When a dog’s nails are too long, it can be harmful to them. The dog may injure themselves while walking or playing. Or, if it tries to get onto your lap, your dog may also injure you.
Dog nail maintenance entails more than just aesthetics. You should routinely trim your pet’s nails because it can prevent problems like broken nails, splayed feet, and, in rare instances, severe harm to the dog.
If your dog’s nails are very long and he does not allow you to cut them, surgery may be the only solution you have. Based on your vet’s recommendation, you can either choose complete nail removal surgery or partial nail removal surgery. A laser nail trim that uses laser technology to burn the nail without any bleeding may be an option if your dog’s nails are too long and there aren’t other underlying medical concerns.
Before we dive more deeply into surgical options for overgrown dog nails, let us first understand the anatomy of a dog’s nail.
Anatomy of a Dog’s Nails
You should not be cutting your dog’s nail from the middle. Because of the discomfort, the dog might not allow you to touch its nails again. Therefore, knowing the anatomy of your dog’s nails before you cut them is important.
Your canine friend’s nails are made up of two basic components. First comes the quick. It is a system of blood vessels and nerves. It delivers blood to the nail and passes right through the nail’s root.
The second component is the hard outer shell of the nail. Given that the dog does not feel discomfort on the outside, this is the only area you should trim throughout the grooming session.
The quick is a live component of the dog’s body. It will start bleeding from the nails if you trim through it. The trick is to figure out where the quick is before trimming.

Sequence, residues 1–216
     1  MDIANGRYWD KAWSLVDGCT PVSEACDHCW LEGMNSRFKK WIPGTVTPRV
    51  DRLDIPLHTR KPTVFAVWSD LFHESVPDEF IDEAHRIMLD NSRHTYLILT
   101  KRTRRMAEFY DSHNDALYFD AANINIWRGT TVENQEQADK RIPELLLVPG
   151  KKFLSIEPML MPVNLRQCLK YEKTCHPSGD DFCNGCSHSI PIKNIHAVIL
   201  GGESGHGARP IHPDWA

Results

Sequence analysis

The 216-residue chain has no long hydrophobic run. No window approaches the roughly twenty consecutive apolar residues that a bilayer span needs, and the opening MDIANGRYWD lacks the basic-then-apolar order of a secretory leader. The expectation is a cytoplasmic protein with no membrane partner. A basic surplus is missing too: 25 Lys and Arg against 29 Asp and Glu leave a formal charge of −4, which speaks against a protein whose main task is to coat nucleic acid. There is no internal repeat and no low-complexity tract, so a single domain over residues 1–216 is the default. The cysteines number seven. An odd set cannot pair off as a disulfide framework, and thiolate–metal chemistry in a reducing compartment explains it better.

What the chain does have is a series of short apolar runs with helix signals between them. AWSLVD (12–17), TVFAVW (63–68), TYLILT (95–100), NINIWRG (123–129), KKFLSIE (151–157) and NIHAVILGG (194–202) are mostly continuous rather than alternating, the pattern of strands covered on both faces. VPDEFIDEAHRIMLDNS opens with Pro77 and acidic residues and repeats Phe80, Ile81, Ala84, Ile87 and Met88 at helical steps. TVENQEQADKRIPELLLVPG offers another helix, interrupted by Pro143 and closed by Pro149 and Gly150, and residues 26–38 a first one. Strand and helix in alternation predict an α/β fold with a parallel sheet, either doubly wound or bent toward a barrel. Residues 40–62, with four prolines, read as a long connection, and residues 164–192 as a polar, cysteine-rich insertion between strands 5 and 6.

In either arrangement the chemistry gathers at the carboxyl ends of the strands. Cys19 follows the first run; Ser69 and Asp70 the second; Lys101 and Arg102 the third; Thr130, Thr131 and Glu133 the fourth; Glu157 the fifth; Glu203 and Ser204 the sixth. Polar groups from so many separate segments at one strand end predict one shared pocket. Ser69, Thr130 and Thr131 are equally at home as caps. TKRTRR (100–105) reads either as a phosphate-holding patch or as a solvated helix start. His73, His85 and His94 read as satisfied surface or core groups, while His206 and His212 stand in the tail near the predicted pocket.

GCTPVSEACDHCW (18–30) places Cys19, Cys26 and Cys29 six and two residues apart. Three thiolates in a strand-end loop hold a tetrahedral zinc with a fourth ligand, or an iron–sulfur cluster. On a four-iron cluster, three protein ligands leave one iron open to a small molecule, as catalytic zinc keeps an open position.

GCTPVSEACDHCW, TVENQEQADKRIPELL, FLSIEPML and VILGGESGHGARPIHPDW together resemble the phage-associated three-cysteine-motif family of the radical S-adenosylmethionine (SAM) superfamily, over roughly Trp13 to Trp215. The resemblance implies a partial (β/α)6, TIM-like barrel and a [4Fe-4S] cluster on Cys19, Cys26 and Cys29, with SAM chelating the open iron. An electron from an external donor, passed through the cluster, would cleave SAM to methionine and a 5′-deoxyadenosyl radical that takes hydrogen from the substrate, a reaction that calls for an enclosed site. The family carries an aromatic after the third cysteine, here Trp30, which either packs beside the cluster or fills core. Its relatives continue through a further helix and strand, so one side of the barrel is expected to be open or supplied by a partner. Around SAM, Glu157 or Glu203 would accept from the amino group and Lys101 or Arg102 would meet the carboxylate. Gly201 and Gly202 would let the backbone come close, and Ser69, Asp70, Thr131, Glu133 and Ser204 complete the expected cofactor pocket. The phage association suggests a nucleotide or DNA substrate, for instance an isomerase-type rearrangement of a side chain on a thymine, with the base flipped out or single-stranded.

For instance, most dogs have white nails with a pale pink quick. Therefore, when cutting, you must stick with the white area. The dog’s nails may occasionally be all-black, though. If this is the case, trimming along the outside margins will be helpful. Step back if you notice your pet flinching because you could be going too near to the quick.
What Issues Do Overgrown Nails Present?
If you don’t maintain a regular nail-grooming regimen or the dog won’t let you, it might result in uncomfortable problems. Below, we’ve discussed some of the issues that overgrown nails can cause.
Unlike human nails, dog nails do not emerge straight. They are visibly curved and taper toward the end.
Without care, the nails will grow too long and may begin to curl back. In extreme circumstances, the nails may completely bend back and begin to pierce the footpad.
You can understand how uncomfortable this situation might be for the dog. The simplest actions, like walking, may turn challenging for the dog.
Injury When Dogs Nails Are Too Long
When a dog’s nails are too long, it increases the risk of injury. For instance, the sharp edge of the nail may become lodged in the carpet, the upholstery of the furniture, or old blankets. While having fun outside, the nails can easily become tangled and break.
Senior dogs’ nails are more likely to grow brittle and break easily. Since a broken nail can bleed and cause pain, your dog will begin to lick the region excessively or stop applying pressure to the foot to ease the pain, even if there is no bleeding.
When Does Surgery Become the Only Option?
If your dog exhibits any of the following signs, its nails may be too long and perhaps damaged.
- Creaking sounds when walking on hard flooring
- Changes in walking style
- Excessive nail licking
- Hanging Nails
Surgery should always be the final resort. An example of this may be if your dog is in excruciating agony and still won’t allow you near its paws.
The veterinarian will prescribe local anesthetic since the process is uncomfortable. Not every dog reacts favorably to anesthesia. Despite being rare, local anesthesia’s negative effects might nonetheless happen. The negative impacts of local anesthesia are:
- Hazy vision
- Respiratory problems
Surgery is also necessary for circumstances where there is a broken or infected nail. However, surgery should be the last resort if the dog’s nails are in good condition and the length is the sole issue.
Speak to your veterinarian or experienced groomers. Usually, they can easily trim the nails by confining your dog with assistance from employees.
Nail Surgery Options
Laser Nail Trim
While your pet is sedated (typically for another treatment, like a spay/neuter or a dental), laser nail surgery is a fantastic way to trim overgrown toenails. It allows the vet to clip the nail back further than was previously feasible by allowing them to “burn” back the quick of the nail without any bleeding.